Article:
The closest any board member came close to agreeing with the 'D' recommendation was Gilbert's statement that he is "willing to buck the public support [for 'A'] if there is an educational advantage." He also questioned whether the nearly 500 comments received, either in person or in writing, from the public is "a fair representation" of public sentiment. Based upon distribution of the Brandywine Review, the district puts the number of residences within its jurisdiction at 47,000.

Superintendent Bruce Harter repeated a previous observation that all the options before the taskforce were "educationally neutral." Joseph Brumskill, vice president of the board, decried what he called a disappointing public response. "We gave the total community the opportunity to speak out. If they did not do that, they're going to have to live with what we decide," he said.

Board member David Adkins said public response is critical. "The community made it clear they're in favor of 'A'. When you go to referendum, they're putting money on the table ... [and] will make [their choice] clear in unequivocal terms," he said.

Doorey said her analysis of responses found about three-quarters of the public responders and two-thirds of the staff members who responded favor retention of something close to the status quo. "It takes more than 50% support to go through a major change. I'm not seeing any level of support [for doing so] that even comes close to that," she said.

Indicating that she does not feel a plebecite would turn up any significantly different support level, she said the time it would take to organize and conduct one would be better spent looking for further modifications to 'A'. She did not suggest what they might be.

With the idea of closing any schools predicated on a projected downward trend in student enrollment, she said actual counts during the next few years would enable the district to determine if the projections by University of Delaware demographer Edward Ratledge are valid. Several speakers at the four public hearings said that the turnover of Brandywine Hundred properties from older occupants to young families belies the forecasts.

"We can always go back [to the community] if it turns out he's right. We could end up closing [buildings] ... on [the basis of] what looks like it might be premature data," Doorey said.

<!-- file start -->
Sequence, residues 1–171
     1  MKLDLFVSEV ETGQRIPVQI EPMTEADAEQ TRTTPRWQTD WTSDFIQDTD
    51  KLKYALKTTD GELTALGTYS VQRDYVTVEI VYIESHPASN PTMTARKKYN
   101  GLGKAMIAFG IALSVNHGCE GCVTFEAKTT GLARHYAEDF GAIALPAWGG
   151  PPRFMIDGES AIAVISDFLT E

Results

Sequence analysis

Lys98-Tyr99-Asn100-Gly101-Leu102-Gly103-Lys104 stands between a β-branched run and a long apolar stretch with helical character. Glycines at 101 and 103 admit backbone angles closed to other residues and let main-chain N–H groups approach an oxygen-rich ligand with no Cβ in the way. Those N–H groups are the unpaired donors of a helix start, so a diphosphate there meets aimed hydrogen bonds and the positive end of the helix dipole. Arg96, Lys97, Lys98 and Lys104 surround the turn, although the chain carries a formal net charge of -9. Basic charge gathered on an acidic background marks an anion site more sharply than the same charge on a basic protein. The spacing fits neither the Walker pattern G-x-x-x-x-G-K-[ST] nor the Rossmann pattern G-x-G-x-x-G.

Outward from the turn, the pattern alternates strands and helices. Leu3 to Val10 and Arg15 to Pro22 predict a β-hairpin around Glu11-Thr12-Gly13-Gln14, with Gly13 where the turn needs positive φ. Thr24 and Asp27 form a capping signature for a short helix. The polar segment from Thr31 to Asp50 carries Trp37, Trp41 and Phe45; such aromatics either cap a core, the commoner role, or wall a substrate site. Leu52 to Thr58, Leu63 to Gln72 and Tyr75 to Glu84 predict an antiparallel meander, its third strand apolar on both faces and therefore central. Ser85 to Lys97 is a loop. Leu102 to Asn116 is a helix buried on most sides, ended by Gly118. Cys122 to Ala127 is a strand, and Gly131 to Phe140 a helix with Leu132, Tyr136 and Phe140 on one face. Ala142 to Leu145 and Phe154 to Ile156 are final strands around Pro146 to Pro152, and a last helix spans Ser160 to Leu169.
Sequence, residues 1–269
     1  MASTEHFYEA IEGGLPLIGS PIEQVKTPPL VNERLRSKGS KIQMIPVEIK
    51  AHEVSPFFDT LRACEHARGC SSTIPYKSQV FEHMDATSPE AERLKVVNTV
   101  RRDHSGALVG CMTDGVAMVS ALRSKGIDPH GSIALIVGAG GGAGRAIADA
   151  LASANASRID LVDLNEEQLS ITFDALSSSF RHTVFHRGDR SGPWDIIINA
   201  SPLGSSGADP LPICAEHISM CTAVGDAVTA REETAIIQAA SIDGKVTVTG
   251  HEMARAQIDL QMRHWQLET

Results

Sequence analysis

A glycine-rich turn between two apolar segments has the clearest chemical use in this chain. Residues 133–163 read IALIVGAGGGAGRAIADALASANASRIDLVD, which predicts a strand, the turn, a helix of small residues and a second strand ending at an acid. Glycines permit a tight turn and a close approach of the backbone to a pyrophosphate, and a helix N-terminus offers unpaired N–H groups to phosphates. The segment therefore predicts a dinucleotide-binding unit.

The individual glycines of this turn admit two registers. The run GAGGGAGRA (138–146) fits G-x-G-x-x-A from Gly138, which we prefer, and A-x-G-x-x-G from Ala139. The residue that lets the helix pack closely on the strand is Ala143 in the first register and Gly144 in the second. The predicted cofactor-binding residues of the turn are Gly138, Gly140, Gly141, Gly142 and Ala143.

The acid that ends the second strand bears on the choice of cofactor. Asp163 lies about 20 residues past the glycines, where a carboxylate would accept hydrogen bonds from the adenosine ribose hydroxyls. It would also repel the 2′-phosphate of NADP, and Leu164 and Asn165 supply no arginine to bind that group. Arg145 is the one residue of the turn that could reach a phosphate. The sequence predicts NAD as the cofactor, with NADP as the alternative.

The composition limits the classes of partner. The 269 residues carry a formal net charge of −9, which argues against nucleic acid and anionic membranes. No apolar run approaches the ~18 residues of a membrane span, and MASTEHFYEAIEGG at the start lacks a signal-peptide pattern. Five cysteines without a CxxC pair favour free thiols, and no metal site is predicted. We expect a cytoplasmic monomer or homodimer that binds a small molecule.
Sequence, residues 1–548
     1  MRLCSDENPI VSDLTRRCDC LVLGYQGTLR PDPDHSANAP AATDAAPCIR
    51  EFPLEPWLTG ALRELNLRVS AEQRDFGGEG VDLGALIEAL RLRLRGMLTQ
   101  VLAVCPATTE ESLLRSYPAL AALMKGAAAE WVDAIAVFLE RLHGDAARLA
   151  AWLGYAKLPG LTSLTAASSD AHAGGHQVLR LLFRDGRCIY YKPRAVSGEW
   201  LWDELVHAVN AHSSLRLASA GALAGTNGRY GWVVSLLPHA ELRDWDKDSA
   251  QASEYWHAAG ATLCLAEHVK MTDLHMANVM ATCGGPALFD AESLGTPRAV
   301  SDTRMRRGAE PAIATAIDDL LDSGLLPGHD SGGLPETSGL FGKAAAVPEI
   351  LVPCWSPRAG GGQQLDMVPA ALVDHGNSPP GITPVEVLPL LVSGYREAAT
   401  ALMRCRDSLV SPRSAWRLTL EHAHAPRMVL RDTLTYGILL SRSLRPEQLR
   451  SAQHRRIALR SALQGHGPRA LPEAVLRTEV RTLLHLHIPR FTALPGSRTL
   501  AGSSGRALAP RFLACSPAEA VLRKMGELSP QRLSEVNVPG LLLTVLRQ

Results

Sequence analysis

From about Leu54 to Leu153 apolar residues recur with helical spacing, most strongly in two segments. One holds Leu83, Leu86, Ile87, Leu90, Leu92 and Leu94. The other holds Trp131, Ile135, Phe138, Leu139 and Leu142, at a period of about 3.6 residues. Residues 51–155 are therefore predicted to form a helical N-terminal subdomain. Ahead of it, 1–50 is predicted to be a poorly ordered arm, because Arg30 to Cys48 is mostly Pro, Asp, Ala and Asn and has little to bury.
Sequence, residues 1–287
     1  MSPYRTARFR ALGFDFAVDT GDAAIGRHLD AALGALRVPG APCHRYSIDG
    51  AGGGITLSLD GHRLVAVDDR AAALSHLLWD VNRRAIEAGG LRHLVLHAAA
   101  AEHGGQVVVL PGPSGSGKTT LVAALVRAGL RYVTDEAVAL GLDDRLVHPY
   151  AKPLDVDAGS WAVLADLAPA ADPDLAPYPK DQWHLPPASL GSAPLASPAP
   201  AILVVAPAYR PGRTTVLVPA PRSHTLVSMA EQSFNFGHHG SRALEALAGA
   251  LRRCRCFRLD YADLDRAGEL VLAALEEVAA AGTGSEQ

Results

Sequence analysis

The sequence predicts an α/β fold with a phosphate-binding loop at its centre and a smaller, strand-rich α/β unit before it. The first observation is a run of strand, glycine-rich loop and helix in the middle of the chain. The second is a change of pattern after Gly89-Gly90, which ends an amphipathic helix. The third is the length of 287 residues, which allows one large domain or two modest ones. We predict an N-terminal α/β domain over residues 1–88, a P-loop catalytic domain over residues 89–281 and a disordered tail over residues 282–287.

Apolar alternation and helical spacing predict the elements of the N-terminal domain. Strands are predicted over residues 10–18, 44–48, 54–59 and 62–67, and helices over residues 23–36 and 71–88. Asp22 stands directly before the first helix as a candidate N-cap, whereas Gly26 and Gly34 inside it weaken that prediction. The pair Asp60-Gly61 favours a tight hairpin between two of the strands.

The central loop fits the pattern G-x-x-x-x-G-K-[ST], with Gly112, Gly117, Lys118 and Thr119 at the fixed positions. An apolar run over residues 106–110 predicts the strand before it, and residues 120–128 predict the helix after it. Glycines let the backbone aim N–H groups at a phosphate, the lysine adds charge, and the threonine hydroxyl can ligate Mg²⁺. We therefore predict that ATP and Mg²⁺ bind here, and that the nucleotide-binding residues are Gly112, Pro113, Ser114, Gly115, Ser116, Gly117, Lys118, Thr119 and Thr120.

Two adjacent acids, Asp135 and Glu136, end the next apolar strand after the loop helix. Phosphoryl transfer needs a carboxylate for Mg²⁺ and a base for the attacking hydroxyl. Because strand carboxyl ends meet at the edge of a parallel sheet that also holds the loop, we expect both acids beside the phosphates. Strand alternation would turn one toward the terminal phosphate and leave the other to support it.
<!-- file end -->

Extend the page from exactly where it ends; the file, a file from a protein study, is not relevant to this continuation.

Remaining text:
At the public hearing portion of the session, state representative Wayne Smith told the board that objection to closing "some of the finest schools in the state ... is almost as unanimous as public sentiment can get on an issue." Representative Greg Lavelle and Assembly candidates Steve Tanzer and Stacy Griggs also voiced opposition to any school closures." Lavelle also urged that nothing be done to significantly change the Bush program.

Resident Doris McKenna voiced objection to vacating "valuable property" to potential development. Taskforce member Charles Landry replied that the Council of Civic Organizations of Brandywine Hundred "will never allow properties to be sold for development that the community doesn't support."

Resident Joe Pasquarella said that district taxpayers will be willing to pay higher taxes to keep all the present schools open. "There's not a difference between [capital] spending of $100 million and $120 million. We live in an area where we can afford it," he said.

A capital referendum is tentatively scheduled for the spring of 2005 at which voters would have to approve selling 20-year bonds to borrow the money necessary to finance the 40% local share of the cost of what is to be the third and final phase of Brandywine's long-term renovation program.

Harter told the board that DelDOE has approved an extension from Oct. 29 to Nov. 12 of the deadline for Brandywine to submit a building plan. Doorey said the board will decide at its regular meeting on Oct. 18 how to proceed to reach to reach a decision on which proposal to submit.

2004. All rights reserved.

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Read previous Delaforum article: Status quo emerges as the more likely schools plan
Go to the taskforce section of the Brandywine district Web site